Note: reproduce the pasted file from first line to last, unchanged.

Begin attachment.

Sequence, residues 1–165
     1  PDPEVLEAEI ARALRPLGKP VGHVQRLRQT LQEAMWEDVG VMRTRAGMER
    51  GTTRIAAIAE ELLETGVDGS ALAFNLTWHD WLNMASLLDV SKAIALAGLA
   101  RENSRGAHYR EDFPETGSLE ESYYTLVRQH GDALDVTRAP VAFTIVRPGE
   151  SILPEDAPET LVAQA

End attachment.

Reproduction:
Sequence, residues 1–165
     1  PDPEVLEAEI ARALRPLGKP VGHVQRLRQT LQEAMWEDVG VMRTRAGMER
    51  GTTRIAAIAE ELLETGVDGS ALAFNLTWHD WLNMASLLDV SKAIALAGLA
   101  RENSRGAHYR EDFPETGSLE ESYYTLVRQH GDALDVTRAP VAFTIVRPGE
   151  SILPEDAPET LVAQA